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Value-based Search in Execution Space for Mapping Instructions to Programs



Training models to map natural language instructions to programs, given target world supervision only, requires searching for good programs at training time. Search is commonly done using beam search in the space of partial programs or program trees, but as the length of the instructions grows finding a good program becomes difficult. In this work, we propose a search algorithm that uses the target world state, known at training time, to train a critic network that predicts the expected reward of every search state. We then score search states on the beam by interpolating their expected reward with the likelihood of programs represented by the search state. Moreover, we search not in the space of programs but in a more compressed state of program executions, augmented with recent entities and actions. On the SCONE dataset, we show that our algorithm dramatically improves performance on all three domains compared to standard beam search and other baselines.

1 Introduction

Training models that can understand natural language instructions and execute them in a realworld environment is of paramount importance for communicating with virtual assistants and robots, and therefore has attracted considerable attention (Branavan et al., 2009; Vogel and Jurafsky, 2010; Chen and Mooney, 2011) . A prominent approach is to cast the problem as semantic parsing, where instructions are mapped to a high-level programming language Long et al., 2016; Guu et al., 2017) . Because annotating programs at scale is impractical, it is desirable to train a model from instructions, an initial world state, and a target world state only, letting the program itself be a latent variable.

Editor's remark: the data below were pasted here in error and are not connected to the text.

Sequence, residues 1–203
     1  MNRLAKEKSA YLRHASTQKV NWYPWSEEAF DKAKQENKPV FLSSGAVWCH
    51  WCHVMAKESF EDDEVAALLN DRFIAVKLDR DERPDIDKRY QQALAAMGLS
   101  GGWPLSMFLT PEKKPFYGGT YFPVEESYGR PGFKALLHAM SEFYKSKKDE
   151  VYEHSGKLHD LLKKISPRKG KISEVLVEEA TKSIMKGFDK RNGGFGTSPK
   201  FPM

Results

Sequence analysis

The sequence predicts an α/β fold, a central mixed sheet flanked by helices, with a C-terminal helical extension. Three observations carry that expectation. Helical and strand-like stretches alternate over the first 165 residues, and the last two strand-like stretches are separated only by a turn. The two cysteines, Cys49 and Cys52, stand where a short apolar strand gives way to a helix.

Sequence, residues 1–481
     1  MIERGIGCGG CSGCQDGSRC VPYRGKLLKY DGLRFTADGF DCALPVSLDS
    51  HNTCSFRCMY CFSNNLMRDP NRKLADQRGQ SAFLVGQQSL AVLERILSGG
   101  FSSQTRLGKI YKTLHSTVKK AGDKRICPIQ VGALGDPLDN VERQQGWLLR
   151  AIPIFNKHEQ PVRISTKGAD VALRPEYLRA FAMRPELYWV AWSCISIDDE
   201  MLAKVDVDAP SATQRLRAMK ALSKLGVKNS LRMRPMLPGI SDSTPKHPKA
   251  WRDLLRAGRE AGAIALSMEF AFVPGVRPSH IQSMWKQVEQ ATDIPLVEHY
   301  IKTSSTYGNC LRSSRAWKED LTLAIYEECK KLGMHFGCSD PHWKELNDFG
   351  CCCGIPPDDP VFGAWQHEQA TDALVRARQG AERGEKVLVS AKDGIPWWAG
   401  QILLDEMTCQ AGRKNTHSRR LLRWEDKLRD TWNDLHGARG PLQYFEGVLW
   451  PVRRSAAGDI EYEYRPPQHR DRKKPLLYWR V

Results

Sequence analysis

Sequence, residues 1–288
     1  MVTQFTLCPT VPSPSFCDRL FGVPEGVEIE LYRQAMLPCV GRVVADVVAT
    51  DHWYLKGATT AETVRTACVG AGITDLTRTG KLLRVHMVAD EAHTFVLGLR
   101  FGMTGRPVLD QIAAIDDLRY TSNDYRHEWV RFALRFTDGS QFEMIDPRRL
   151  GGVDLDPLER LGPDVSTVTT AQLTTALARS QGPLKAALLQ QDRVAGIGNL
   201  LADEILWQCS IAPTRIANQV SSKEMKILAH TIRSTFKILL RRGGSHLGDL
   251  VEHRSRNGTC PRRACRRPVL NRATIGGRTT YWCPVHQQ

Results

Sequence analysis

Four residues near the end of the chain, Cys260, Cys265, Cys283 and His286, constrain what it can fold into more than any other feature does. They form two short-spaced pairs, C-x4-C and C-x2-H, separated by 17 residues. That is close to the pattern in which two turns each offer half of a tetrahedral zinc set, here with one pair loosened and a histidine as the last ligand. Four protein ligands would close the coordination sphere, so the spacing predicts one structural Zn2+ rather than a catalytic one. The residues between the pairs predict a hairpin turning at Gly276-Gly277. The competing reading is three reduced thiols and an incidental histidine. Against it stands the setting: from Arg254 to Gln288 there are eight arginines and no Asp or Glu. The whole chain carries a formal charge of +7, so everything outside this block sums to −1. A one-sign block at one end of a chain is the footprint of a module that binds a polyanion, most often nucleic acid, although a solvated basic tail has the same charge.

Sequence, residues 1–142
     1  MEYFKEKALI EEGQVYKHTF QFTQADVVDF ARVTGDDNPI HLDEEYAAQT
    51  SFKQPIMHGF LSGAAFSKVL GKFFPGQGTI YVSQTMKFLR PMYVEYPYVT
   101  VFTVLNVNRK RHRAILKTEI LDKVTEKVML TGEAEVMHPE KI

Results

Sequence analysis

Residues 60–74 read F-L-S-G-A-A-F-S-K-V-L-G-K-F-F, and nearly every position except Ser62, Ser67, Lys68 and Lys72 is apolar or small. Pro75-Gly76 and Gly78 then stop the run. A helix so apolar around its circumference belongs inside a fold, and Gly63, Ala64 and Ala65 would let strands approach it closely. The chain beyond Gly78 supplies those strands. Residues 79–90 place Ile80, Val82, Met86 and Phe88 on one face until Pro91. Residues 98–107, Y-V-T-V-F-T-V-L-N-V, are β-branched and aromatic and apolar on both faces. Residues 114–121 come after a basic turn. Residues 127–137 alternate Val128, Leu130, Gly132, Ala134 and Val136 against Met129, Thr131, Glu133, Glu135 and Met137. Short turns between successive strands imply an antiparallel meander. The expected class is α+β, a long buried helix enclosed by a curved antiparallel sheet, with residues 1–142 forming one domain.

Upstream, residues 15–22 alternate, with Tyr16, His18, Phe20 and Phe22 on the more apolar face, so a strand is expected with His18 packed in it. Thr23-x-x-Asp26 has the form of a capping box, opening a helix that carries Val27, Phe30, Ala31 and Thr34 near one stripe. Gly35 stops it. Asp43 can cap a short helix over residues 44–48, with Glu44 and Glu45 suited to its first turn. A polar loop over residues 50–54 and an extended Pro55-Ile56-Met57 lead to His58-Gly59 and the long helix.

Learning from such weak supervision results in a difficult search problem at training time. The model must search for a program that when executed leads to the correct target state. Early work employed lexicons and grammars to constrain the search space (Clarke et al., 2010; Liang et al., 2011; Krishnamurthy and Mitchell, 2012; Berant et al., 2013; , but recent success of sequence-to-sequence models (Sutskever et al., 2014) shifted most of the burden to learning. Search is often performed simply using beam search, where program tokens are emitted from left-to-right, or program trees are generated top-down (Krishnamurthy et al., 2017; Yin and Neubig, 2017; Cheng et al., 2017; Rabinovich et al., 2017) or bottom-up Guu et al., 2017; Goldman et al., 2018) . Nevertheless, when instructions are long and complex and reward is sparse, the model may never find enough correct programs, and training will fail.

In this paper, we propose a novel search algorithm for mapping a sequence of natural language instructions to a program, which extends the standard beam-search in two ways. First, we capitalize on the target world state being available at training time and train a critic network that given the language instructions, current world state, and target world state estimates the expected future reward for each search state. In contrast to traditional beam search where states representing partial programs are scored based on their likelihood only, we also consider expected future reward, leading to a more targeted search at training time. Second, rather than search in the space of programs, we search in a more compressed execution space, where each state is defined by a partial program's execution result.

We evaluated our method on the SCONE dataset, which includes three different domains where long sequences of 5 instructions are mapped to programs. We show that while standard beam search gets stuck in local optima and is unable to discover good programs for many examples, our model is able to bootstrap, improving final performance by 20 points on average. We also perform extensive analysis and show that both value-based search as well as searching in execution space contribute to the final performance. Our code and data are available at http://gitlab.com/ tau-nlp/vbsix-lang2program.

2 Background

Mapping instructions to programs invariably involves a context, such as a database or a robotic environment, in which the program (or logical form) is executed. The goal is to train a model given a training set {(x (j) = (c (j) , u (j) ), y (j) )} N j=1 , where c is the context, u is a sequence of natural language instructions, and y is the target state of the environment after following the instructions, which we refer to as denotation. The model is trained to map the instructions u to a program z such that executing z in the context c results in the denotation y, which we denote by z c = y. Thus, the program z is a latent variable we must search for at both training and test time. When the sequence of instructions is long, search becomes hard, particularly in the early stages of training.